Copyright © 2013 by Thomas E. Dickey

Here is the latest version of this file.

The Python binding for ncurses is the first binding which (I recall) was developed separately from ncurses. Like other bindings, it started from an earlier curses binding, and was extended to better use ncurses.

Python has documentation and a tutorial:

The documentation says little about the history, but provides a clue:

Changed in version 1.6: Added support for the ncurses library and converted to a package.

Based on the available downloads for Python, the curses binding by Lance Ellinghouse appeared in the 1.5.2 release. The 1.6.1 release changes the spelling to "Ellinghaus" (which appears incorrect), credits further work by Oliver Andrich, noting that it was maintained by AMK (and used the X11 license). The documentation was written by Moshe Zadke.

Eric Raymond stated in a mailing list

I personally added the ncurses/Textpad/ascii features to the Python libraries shipped in 2.0

However, the curses module code in 2.0.1 differs from the 1.6.1 module by 85 added, 16 deleted lines of 2357 (call that 3%). Noting some discussion on the Python mailing lists here and here it appears likely that Raymond urged others to do this, but evidence that he "personally added" (i.e., wrote) the code is lacking. The documentation in 2.0.1 changed by a larger amount (and Raymond is listed second on the authors of that file).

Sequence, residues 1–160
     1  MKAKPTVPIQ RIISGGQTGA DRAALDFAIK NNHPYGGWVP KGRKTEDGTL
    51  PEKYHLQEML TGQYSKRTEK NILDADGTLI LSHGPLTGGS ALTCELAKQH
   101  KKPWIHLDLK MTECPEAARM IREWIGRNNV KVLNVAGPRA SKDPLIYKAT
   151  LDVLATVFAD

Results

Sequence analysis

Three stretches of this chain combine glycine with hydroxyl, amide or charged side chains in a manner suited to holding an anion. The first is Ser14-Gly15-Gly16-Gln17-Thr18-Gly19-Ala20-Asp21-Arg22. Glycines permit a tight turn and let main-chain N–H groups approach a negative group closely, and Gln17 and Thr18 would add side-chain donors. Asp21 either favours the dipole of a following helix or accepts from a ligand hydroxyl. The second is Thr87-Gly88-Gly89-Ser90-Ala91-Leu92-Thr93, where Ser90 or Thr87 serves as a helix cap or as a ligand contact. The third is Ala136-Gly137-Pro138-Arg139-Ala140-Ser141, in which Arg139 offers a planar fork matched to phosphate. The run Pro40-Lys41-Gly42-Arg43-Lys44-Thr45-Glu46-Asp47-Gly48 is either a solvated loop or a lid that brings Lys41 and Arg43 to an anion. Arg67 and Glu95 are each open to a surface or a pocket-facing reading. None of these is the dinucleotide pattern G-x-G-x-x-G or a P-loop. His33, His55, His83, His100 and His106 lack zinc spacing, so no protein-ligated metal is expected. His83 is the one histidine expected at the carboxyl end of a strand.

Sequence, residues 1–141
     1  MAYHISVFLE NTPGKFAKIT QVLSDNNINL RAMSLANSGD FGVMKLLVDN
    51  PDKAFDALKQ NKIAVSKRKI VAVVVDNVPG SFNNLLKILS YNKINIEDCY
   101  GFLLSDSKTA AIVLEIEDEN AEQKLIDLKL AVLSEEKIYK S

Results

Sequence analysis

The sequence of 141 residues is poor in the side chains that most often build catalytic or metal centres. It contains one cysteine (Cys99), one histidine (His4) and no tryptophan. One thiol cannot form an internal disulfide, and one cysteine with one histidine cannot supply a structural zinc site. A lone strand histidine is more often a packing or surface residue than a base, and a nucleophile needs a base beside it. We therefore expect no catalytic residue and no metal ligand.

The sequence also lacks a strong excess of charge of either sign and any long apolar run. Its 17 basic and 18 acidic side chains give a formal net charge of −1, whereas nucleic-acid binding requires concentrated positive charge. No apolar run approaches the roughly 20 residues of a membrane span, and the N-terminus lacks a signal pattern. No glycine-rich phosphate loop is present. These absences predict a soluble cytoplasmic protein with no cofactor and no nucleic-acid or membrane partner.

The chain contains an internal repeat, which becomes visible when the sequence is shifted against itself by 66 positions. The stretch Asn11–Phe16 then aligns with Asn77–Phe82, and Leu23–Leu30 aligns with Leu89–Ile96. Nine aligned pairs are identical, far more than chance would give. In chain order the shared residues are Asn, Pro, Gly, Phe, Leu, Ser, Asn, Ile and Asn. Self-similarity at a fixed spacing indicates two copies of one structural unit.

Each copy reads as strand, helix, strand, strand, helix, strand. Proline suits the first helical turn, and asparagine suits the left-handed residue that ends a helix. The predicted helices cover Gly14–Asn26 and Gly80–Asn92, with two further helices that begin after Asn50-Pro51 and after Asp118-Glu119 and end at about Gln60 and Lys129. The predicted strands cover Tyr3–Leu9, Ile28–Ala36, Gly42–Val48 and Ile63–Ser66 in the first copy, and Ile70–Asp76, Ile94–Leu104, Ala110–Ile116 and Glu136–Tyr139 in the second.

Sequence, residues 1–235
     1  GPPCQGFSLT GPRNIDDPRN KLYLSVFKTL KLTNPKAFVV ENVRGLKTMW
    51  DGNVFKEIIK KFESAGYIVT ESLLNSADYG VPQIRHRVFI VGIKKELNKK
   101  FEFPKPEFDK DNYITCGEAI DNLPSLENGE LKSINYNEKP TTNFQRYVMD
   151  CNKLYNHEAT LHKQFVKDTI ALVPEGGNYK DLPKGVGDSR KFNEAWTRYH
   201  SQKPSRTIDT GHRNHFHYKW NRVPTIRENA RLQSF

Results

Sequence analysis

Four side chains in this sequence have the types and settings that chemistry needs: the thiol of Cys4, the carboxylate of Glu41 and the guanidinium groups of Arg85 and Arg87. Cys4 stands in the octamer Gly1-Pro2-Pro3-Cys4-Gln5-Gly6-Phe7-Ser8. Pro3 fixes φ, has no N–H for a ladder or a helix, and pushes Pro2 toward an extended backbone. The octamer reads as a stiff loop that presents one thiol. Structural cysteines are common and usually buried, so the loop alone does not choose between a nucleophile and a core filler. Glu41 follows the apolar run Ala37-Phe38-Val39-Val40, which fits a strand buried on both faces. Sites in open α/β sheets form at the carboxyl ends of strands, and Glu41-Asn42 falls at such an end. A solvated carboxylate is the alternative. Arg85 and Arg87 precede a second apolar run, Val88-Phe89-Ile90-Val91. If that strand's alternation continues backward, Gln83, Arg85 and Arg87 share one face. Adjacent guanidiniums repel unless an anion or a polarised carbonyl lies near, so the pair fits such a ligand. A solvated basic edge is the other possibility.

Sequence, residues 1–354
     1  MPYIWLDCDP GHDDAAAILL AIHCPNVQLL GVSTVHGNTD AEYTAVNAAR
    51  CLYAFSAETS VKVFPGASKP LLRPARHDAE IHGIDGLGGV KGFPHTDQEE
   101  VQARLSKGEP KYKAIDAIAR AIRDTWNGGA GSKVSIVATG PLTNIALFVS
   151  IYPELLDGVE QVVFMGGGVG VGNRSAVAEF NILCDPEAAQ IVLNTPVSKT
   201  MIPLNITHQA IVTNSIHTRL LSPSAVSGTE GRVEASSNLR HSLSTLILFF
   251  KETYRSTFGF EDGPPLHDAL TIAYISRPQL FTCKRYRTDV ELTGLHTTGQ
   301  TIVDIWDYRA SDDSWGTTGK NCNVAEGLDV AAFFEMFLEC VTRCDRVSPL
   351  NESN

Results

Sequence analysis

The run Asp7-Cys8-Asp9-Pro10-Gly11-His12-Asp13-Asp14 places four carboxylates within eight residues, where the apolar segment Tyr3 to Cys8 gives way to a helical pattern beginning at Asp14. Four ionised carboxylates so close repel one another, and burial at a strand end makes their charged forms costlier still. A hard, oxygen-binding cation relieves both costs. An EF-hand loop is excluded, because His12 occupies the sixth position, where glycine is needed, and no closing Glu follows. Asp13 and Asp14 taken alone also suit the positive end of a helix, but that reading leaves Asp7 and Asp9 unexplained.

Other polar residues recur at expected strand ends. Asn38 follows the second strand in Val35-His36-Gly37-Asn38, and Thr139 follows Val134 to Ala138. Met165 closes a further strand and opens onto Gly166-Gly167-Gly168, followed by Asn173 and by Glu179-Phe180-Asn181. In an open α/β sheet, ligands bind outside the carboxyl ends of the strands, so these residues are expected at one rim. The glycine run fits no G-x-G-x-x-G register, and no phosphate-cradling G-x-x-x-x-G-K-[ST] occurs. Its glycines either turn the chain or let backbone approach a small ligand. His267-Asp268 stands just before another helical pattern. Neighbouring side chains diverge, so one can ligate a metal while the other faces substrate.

Both 1.6.1 and 2.0.1 documentation cite Andrew Kuchling's web tutorial on Python. The page has since moved, Here is a current link.

I had discussed with Andrew Kuchling his problems in adapting the has_key function for the Python curses binding in July 2000. Later, I noticed that sometime after creating the page, Eric Raymond's name was added. I asked Kuchling about that (noting in my mail that Raymond had not as far as I knew written any part of it); he replied that he "thought it would be a good idea". Still later (in March 2002), I noticed another copy of the page with only Eric Raymond's name, and again asked Kuchling, who replied that it was a problem with the Latex tool. This comment from Eric Raymond (in May 2001) indicates that the problem may have happened earlier.

Fortunately, Python's source history is available online:

dist/src on SourceForge

There are also mailing-list archives.

Researching the changes in early 2013, I found Kuchling's commit 2000-08-11 for /cvsroot/py-howto/pyhowto/curses.tex, adding Raymond as an author, and commenting "ESR's extensively reworked version". The commit showed 34 lines added, 21 deleted and 222 modified (starting with 436 lines).

Other curses-related CVS commits on the Python mailing list start in 1999 (November by Fred Drake), but are mostly by Kuchling, e.g.,

Also, see